Bunge Presentation

Report
Global Trade Receivables Securitization
DACT Treasury Fair November 11, 2011
Steven Claassens, Bunge Corporate Treasury
Introduction Bunge
2
… With a 192-Year History
Establishes
operations in
Argentina to
trade grain
J.P.G.
Bunge
founds
Bunge &
Co. in
Amsterdam
1905
1884
1918
Moves
headquarters
to U.S. and
creates
international Opens first
soybean
marketing
processing
unit
plant in China
Makes first export of
soybeans from Brazil
Starts business
in North America
1859
1818
Builds largest U.S. soybean
crushing and refining plant
Builds first soy
processing plant in U.S.
1938
1945
1997
1967
70s & 80s
Purchases
edible oils
company
Walter Rau in
Germany
1999
1998
2002
2001
Relocates to
Antwerp to
trade
commodities
Diversifies along the
food production chain
2009
2007
2005
2008
2010
Purchases
Santa Juliana
sugarcane mill
in Brazil
Enters Brazilian
fertilizer market with
purchase of Serrana
Expands
into Brazil
and enters
the wheat
milling
business
In Brazil,
sells
fertilizer
nutrients
business
and adds
five new
sugarcane
mills with
Moema
purchase
In Brazil,
purchases soy
processor
Ceval and
begins
acquisition of
new fertilizer
brands
Purchases Cereol
to become the
world’s largest
soy processor
Goes public on
NYSE and becomes
Argentina’s leading
agribusiness
company
Begins building an
export terminal in
the U.S. Pacific
Northwest and a
crushing plant in
Vietnam
3
A Leading Global Agribusiness & Food Company
Key Facts
Long-Lived Assets ~ $ 7 bn
Revenue 2010: $46 bn
Market Capitalization: ~ $ 10 bn
Rating: Baa2/BBB-/BBB
Agribusiness
Sugar & Bioenergy
Food & Ingredients
Fertilizer
Other
6%
17%
35%
7%
35%
Employees: ~32,000
Facilities: ~400
Countries of Operations: 30+
Agribusiness
Sugar & Bioenergy
Food & Ingredients
Fertilizer
4
Global Presence
5
Overview Global Trade Receivables Securitization
6
Objectives
• Alternative source of capital
• Funding at favorable rates
• Global & scalable program
• Enhanced operational efficiency
7
Alternative source of capital at favorable rates
• 5-year program, backed with 364-day liquidity facility
• Primary funding via bank-owned Commercial Paper Conduits
• Good momentum as conduits are eager to invest in trade receivables:
- Low-risk asset class
- Matching maturity with commercial paper (up to 60 days)
• Reciprocity: syndication with 4 core relationship banks
• All-in cost of fund 1M Libor ~ 115 bps (mainly depending CP Cost of Fund)
• No financial covenants, only wind down events
8
Global & scalable program
• Economies of scale resulting in higher funding capacity:
 Minimize excess country and obligor concentrations
• Scalability of the program:
 Add jurisdictions and currencies
• Scalability of facility amount:
 Absorb higher volume (organic growth, higher prices, acquisitions)
• In recent years, more countries have developed legal and regulatory framework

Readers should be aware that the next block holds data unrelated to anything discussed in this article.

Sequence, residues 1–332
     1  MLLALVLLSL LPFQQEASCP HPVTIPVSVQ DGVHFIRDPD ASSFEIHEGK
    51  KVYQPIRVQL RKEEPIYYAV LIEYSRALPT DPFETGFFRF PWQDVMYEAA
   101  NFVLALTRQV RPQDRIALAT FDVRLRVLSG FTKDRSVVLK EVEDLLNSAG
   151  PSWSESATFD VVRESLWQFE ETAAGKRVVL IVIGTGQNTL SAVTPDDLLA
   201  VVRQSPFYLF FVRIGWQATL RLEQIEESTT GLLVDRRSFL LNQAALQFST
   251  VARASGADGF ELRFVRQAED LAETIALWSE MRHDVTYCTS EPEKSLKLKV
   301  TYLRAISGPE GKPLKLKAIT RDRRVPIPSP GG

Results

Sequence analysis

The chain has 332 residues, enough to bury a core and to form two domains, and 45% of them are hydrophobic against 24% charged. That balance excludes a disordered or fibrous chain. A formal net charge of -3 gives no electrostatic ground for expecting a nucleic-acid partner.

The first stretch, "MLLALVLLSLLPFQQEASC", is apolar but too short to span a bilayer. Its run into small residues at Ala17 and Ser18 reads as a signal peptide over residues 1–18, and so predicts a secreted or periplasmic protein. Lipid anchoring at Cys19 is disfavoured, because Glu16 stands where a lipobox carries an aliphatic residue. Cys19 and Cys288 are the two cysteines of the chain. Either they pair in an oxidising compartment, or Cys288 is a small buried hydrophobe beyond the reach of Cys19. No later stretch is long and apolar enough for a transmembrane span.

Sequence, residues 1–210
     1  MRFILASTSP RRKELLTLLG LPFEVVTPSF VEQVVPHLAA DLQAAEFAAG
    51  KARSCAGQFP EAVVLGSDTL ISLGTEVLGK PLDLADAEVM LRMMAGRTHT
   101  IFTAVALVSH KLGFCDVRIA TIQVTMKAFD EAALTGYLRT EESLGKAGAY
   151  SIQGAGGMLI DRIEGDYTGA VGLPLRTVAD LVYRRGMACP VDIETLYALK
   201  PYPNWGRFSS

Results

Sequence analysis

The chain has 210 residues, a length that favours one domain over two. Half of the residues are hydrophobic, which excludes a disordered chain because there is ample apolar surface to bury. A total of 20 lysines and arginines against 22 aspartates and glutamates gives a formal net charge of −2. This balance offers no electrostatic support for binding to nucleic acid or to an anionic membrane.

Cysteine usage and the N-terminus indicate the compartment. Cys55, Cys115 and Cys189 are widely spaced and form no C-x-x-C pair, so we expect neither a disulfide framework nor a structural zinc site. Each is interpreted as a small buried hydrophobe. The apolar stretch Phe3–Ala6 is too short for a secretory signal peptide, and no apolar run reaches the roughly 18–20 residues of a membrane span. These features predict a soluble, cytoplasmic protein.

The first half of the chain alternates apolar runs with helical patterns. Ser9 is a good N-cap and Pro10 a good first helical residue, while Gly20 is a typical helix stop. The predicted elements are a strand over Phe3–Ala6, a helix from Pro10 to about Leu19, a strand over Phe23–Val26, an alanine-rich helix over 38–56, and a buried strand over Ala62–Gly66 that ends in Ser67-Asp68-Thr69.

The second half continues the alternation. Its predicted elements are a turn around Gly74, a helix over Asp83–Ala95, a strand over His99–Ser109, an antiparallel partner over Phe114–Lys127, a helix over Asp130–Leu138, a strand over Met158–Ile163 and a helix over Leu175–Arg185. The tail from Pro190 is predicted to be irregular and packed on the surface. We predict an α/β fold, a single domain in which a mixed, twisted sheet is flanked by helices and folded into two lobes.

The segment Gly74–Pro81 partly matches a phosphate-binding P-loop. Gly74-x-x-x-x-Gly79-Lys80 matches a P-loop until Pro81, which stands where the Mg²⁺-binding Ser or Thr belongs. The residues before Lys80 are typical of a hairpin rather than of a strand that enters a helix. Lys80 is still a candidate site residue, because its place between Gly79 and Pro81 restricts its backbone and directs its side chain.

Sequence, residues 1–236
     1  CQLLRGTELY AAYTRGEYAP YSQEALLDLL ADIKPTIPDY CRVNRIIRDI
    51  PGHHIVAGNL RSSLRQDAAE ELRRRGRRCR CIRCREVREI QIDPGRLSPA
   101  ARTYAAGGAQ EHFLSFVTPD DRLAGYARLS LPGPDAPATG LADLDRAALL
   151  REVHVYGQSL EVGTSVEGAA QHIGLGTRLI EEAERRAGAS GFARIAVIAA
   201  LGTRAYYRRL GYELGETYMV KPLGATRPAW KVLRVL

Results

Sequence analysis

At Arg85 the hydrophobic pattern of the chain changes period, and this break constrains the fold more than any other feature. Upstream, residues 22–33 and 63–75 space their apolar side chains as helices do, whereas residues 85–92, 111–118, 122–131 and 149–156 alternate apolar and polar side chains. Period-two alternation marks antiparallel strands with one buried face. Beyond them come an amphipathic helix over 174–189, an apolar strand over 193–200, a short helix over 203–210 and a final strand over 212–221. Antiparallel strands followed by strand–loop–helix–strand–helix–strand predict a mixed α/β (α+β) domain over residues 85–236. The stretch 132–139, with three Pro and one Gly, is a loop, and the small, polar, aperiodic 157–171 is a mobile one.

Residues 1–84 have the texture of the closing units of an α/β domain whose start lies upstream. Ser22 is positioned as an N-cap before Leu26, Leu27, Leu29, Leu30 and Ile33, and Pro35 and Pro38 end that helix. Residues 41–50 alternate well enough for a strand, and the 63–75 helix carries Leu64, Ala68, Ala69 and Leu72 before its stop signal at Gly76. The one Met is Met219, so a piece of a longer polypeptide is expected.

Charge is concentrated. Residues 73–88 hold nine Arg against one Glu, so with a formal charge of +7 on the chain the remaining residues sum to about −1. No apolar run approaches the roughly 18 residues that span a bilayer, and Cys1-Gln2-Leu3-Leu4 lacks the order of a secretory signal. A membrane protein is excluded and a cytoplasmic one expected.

to allow cross border securitization, however increasingly tax is used to narrow
budget deficit gaps
9
Enhanced operational efficiency
• Replacement of three local securitizations and five factoring facilities in North
America and Europe
• Centralized set-up, management and administration by Treasury
• Data-gathering, reporting and analysis outsourced to well-known service provider
(Finacity)
• Cashless settlement via in-house bank
• One-off audit opinion for US GAAP off balance sheet treatment
10
Notable highlights
• Structure:
- US (5 originators), Canada, Spain, Portugal, Italy, Germany, Hungary
- Multi-currency facility: USD, CAD, EUR, HUF
- 26 eligible obligor jurisdictions
• Effective liquidity management by daily re-investment of collections
• Collections remain on Bunge’s bank accounts
• Trade receivable portfolio structured on an implied AA-rating
• Funding base can be affected by sales volumes, commodity prices, FX-volatility
and country & obligor ratings
• Advance rate 85%-88% (aim was 80% or higher)
11
Structure & Implementation
12
Structure
Lead arranger: Rabobank
Purchasers: Rabobank, Credit Agricole, HSBC, BNP Paribas
Conduit
Purchaser
Committed
Purchaser
Conduit
Purchaser
Cash & DPP
Committed
Purchaser
Conduit
Purchaser
Funding (if no CP issued)
Benefit
Administrative
Agent
100% Sale of Receivables
Committed
Purchaser
DPP =Deferred Purchase Price
(~ first loss reserve)
DPP Cash
Subordinated Loan
(~ DPP + excess concentration)
Servicing
SPV
Master Servicer
Fees
Subordinated
Lender
Principal + interest
Cash *
True sale of
receivables
Cash*
Intermediate
Purchaser
Cash *
True sale of
receivables
Originators
Originators
* Face value -/- discount
13
Monumental Coordination
11 Bunge
Originators in
7 Jurisdictions
Transaction
Counsel
IT resources
Internal Legal Counsel
(US and Europe)
Internal & External
Legal Counsels
Numerous Collection
Account Banks in all
Jurisdictions
Internal &
External Tax
Internal Accounting
& Control
Auditors
Syndicate Banks
Bunge
Rabobank
Treasury
London/NY
Collateral Audit Firm
Internal
Credit/Tax/Various
Rating Agencies
Finacity
Finacity
14
Key considerations
• In-depth analysis (receivables portfolio, contracts, A/R & credit management, ITsystems, bank accounts)
• Communication & commitment:
- Dedicated project team (very different from RCF, bi-laterals etc.)
- Reasonable timelines and clear requirements for operating companies
• Structuring & Syndication:
- Selection of lead arranger
- Deal structuring with lead arranger only (use Top Tier law firms)
- Custom-made (structure to specific company needs / features)
• Early blue-print of Day-to-Day management: outsourcing, IT-support, data
gathering, reporting / analysis, settlements
15
Next Steps – new countries to be added
16
Questions
17

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